“Growing up in Essex, in a little two-up two-down with my mum, I always wanted to be an actor. I only started boxing because I wanted to be Rocky Balboa or Jean-Claude Van Damme in Kickboxer. I only started slicking my hair and doing up the buttons on my blazer at school because I watched The Godfather.
“To me, theatre and film was all Hollywood and pearly whites, little golden men on plaques, three-tier auditoriums, musicals, lights, money and fame. It wasn’t until Mrs Stewart and Miss Roberts, my drama teachers, sat my mum and I down at a parents’ evening at school – just after a proper telling off from my French teacher – and made my mum cry tears of joy, that I realised acting wasn’t some unreachable feat. It wasn’t only for kids that could afford drama schools, kids with paths pre-carved by their pushy parents, it was a platform for expression.
“I never looked back.
“I have always seen my Essex accent as a positive. I wear my roots proudly when stepping into the world of theatre. It’s a quagmire of ‘lovies and darlings’ and you can sink rapidly if you don’t stay true to yourself. It’s a tough one to stick to, especially when you reach drama school and everyone is attempting their very best RP (Received Pronunciation) accents. By all means, crack on and have a go, but remember your individuality and what makes you who you are.
“A working-class voice in theatre can be a moving one, in every sense of the word. It demands, and it pulls you in by the scruff of your neck. It doesn’t apologise and it is ever-changing, fresh and exciting.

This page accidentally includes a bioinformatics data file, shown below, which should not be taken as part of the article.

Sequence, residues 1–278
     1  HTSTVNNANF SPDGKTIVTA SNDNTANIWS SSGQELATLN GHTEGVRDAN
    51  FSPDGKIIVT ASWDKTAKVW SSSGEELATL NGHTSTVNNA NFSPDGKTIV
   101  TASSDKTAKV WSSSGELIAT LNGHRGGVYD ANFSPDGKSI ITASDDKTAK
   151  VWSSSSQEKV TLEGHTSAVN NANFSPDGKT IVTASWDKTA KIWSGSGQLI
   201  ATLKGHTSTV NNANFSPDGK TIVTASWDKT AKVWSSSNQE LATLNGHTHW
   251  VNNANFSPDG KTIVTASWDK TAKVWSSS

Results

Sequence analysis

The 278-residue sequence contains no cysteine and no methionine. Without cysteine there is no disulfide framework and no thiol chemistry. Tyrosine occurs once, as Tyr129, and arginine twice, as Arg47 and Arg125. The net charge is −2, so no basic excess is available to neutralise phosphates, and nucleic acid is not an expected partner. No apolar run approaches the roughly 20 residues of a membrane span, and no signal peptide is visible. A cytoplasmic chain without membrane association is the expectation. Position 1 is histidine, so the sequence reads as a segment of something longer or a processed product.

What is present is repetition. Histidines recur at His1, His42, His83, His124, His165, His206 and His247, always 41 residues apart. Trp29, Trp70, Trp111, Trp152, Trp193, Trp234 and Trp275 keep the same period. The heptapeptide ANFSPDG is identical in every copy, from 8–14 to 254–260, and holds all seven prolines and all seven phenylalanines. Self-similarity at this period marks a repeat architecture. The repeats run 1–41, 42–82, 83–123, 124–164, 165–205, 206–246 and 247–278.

“I wanted Flesh And Bone to be precisely that. I was sick of spending way too much money to sit too far away in the theatre. On many occasions, I’d come straight out of the theatre and the first thing that came from my mouth was ‘What should we eat?’
“Now, in no way, shape or form does all theatre do that, otherwise I wouldn’t have got involved in the first place, but I found myself itching to create something loud and in-yer-face, something that evoked the same energy as I was giving while trying to climb the industry’s ladder as a working-class actor.
“Flesh And Bone came from my love for characters, especially ones which I knew well – loud mouths of the East End! That is where my family are from. The character and richness of those fantastic human beings is infectious.
“My grandad is an absolute legend. He’s a jazz singer and even in his dressing gown on a Sunday morning, he still upholds this look of some great and suave East End king.
“I now live in Dalston, on an estate. Again, the people around us, good and not so good, are walking theatrical sensations.
“At the Edinburgh Festival Fringe, we fought hard to be seen and heard every evening. We wanted to be on everyone’s lips and we achieved that. We bagged a bunch of awards, more stars than you could shake a stick at, a trip to Australia and development work at the National Theatre Studio. It felt like standing atop a mountain after the magnitude of effort we had put in to make sure our show stood out and was enjoyed.
“Bringing the show back to its home in London is a fantastic feeling. We couldn’t have asked for a better place for it than Soho Theatre. A theatre that Olivia [Brady, co-founder of Unpolished Theatre] and I had said it would fit perfectly before pen was even put to paper.
“The journey Unpolished Theatre has been on with the show has been wild. It has shaped and carved the beginnings of my career as a professional writer and an actor.
“It can be harder coming from a working-class background – it feels as though there may be more groundwork to put in. You may have to fight a little harder to find those rehearsal spaces and get those platforms. But when you do, people will listen and you will be heard.”